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Food or friends? What motivates zebrafish (Danio rerio) performing a visual discrimination

Research output: Contribution to journalArticlepeer-review

Author(s)

Jenny Daggett, Verity J. Brown, Caroline Brennan

School/Research organisations

Abstract

As a model organism, zebrafish have much to offer neuroscientific research and they are increasingly being used in behavioral neuroscience, for example to study the genetics of learning and memory. As fish are often considered “less clever” than mammals, it is important to understand how they learn and to establish optimal testing conditions. In this study, we compared the efficacy of food reinforcement and social stimuli in supporting Pavlovian conditioning, Pavlovian-to-instrumental transfer, and acquisition of a two-alternative forced choice visual discrimination. Although equally effective in conditioning and in motivating discrimination learning, fish responded with shorter latencies when they were anticipating food but responded for a greater number of trials when anticipating the social stimulus. After learning, the reward was changed: food-reinforcement was replaced with the social stimulus and vice versa. Performance accuracy did not change, but response latency did: the group previously rewarded with food, but now rewarded with the social stimulus, showed a decrease in response vigor. This is a negative contrast effect, which is well established in rats, but was thought to be absent in fish because they lacked goal representation. Our results show that zebrafish, like rats, do have goal representations. Furthermore, we have shown that whereas food has greater incentive salience than social stimuli, fish become satiated rapidly, but motivation to seek social stimuli is sustained. We conclude that zebrafish are well motivated by a mixed economy of social stimuli and food.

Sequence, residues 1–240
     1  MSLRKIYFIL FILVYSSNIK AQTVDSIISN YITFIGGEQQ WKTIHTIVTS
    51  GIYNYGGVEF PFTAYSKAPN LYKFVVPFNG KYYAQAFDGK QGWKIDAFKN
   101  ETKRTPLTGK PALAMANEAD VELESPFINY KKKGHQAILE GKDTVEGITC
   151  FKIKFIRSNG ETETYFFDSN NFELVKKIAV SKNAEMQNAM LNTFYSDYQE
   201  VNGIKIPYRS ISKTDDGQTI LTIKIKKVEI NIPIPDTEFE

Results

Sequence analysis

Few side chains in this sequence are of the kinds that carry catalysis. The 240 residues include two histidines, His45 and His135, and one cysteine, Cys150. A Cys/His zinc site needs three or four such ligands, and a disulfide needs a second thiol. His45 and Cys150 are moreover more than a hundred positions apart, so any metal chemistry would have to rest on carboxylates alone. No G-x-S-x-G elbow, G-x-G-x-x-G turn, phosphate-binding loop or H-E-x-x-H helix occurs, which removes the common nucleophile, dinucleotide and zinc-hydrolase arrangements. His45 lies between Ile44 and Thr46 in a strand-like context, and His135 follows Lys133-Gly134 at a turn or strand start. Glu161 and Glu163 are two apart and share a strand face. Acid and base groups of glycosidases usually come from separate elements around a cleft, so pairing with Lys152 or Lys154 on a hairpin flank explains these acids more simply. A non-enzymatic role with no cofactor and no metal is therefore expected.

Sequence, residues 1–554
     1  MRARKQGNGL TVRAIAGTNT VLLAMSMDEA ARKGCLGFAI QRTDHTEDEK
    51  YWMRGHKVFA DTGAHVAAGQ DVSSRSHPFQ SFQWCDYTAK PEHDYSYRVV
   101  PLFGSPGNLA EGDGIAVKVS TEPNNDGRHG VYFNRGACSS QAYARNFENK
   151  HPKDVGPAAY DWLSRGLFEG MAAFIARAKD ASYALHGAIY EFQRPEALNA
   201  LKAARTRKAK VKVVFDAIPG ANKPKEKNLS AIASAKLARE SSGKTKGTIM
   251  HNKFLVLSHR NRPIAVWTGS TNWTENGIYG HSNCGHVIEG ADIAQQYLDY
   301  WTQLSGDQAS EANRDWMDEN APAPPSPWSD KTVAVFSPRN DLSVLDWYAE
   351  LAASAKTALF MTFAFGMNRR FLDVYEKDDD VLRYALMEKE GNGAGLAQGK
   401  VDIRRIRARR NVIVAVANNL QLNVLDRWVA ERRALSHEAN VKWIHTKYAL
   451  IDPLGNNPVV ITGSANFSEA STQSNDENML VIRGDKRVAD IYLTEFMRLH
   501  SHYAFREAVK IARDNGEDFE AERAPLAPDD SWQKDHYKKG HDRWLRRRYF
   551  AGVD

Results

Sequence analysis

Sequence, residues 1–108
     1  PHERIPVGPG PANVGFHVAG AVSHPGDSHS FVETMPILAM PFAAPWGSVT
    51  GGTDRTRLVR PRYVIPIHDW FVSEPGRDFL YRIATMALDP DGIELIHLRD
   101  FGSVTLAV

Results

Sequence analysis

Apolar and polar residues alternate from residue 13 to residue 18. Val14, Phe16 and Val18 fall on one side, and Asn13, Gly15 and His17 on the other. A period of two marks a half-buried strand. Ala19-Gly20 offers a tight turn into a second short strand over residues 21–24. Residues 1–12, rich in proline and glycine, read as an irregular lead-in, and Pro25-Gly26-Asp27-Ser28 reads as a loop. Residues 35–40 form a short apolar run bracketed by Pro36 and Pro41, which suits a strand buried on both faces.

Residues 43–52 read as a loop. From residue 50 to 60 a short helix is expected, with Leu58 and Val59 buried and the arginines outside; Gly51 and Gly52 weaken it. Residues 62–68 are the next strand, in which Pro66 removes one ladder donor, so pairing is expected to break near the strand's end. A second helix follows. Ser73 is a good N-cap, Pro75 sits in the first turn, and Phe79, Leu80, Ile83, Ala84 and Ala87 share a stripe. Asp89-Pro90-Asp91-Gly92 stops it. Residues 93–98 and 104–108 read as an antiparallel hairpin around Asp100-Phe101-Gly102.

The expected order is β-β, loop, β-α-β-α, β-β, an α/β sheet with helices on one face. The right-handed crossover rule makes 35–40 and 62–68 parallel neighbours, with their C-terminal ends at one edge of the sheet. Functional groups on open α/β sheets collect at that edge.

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Details

Original languageEnglish
Pages (from-to)190-196
Number of pages7
JournalBehavioural Brain Research
Volume359
Early online date6 Nov 2018
DOIs
Publication statusPublished - 1 Feb 2019

    Research areas

  • Anticipation, Fish, 2-AFC, Discrimination learning, Attention, Expectation

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